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Tactics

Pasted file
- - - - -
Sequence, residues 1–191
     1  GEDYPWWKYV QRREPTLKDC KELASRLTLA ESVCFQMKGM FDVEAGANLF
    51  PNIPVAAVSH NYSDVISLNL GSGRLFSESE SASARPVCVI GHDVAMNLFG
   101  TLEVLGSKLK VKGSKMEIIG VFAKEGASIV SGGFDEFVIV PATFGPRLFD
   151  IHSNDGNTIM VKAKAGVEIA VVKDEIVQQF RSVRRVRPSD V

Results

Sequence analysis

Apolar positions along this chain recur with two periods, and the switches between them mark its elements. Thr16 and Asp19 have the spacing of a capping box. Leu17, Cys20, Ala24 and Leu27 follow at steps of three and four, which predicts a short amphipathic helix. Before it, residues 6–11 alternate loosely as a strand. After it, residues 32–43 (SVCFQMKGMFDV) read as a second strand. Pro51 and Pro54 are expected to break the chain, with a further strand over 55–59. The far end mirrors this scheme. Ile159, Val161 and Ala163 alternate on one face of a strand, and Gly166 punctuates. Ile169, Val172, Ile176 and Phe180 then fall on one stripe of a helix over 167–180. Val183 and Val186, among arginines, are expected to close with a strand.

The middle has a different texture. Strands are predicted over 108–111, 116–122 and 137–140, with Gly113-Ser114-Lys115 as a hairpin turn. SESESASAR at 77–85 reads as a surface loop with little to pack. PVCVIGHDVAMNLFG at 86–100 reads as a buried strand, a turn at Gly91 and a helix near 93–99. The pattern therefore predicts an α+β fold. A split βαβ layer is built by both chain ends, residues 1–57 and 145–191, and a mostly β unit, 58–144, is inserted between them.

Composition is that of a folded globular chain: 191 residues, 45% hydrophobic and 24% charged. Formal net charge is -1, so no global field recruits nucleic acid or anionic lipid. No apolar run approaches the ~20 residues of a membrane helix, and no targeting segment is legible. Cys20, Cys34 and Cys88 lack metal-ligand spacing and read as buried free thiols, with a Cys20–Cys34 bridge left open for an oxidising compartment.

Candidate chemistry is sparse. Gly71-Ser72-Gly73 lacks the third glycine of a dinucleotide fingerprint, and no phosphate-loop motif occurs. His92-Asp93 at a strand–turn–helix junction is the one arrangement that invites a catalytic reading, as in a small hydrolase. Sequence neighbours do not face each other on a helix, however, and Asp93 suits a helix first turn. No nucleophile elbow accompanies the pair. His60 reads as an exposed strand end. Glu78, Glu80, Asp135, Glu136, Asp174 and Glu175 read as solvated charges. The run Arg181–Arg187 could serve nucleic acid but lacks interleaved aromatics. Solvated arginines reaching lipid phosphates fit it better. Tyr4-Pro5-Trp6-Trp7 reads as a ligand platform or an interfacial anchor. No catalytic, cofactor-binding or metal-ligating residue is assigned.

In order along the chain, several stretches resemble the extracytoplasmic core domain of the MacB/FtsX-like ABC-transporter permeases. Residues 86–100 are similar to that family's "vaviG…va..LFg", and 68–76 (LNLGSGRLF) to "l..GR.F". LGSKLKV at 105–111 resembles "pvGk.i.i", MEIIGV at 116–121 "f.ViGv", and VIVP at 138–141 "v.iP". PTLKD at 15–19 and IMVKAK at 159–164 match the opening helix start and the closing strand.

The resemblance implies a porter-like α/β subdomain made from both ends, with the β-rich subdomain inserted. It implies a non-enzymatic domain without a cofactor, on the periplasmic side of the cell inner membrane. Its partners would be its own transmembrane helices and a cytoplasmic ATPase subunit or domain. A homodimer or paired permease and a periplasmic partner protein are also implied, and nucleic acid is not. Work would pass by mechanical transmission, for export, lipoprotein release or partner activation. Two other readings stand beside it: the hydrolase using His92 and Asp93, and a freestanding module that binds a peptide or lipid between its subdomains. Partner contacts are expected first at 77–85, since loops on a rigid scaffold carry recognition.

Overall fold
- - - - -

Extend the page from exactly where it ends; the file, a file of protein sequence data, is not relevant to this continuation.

Tactics, the movements and disposition of troops adopted by contending forces when they are face-to-face and desire to gain some immediate advantage. The sphere of tactics must not be confused with that strategy, which is concerned with the general conduct of the campaign rather than with its details at any one time or spot. The distinction is made between various kinds of tactics, according to the character and extent of the operations, the troops employed, and other circumstances. Thus grand tactics and manoeuvre tactics deal with those comprehensive movements on which hangs the fate of great battles, whilst minor tactics relate to outposts, reconnaissance, the action of advanced and rear guards, and other operations on a small scale. So again there are tactics of cavalry, infantry, and artillery, combined tactics, siege tactics, and mining tactics. In naval, as in military, warfare there is a broad distinction between tactics and strategy. Naval tactics are concerned with the management of ships and fleets during an action, whereas the aim of naval strategy is to obtain and keep the command of the sea. The Battle of Salamis (q.v.) is an ancient example of the skillful employment of tactics according to recognized rules. At an early date it had become an accepted principle that force should be concentrated against some point of the enemy's fleet, which would then serve as a "basis of operations." The advantage of obtaining the weather-gage, so as to facilitate the boarding of the enemy's ships, was also fully appreciated. But the modern "line-of-battle" dates only from the war between England and Holland during the Commonwealth and the reign of Charles II., when it was introduced into both navies. It is said that the original purpose of the line-of-battle composed of ships drawn up either abreast or one behind another, so as to afford mutual assistance at the shortest notice, was to avert the havoc wrought by fire-ships. The manoeuvre of breaking the enemy's line by cutting through it was carried out with the utmost skill by Rodney in 1782. In several of Nelson's great battles, notably in that of Trafalgar, he showed himself an unrivaled master of tactical resource. Since his days the circumstances attending naval actions have been much changed through the introduction of steam and armour-plating, and it is impossible to say what manoeuvres would now be employed in a battle between ironclads.

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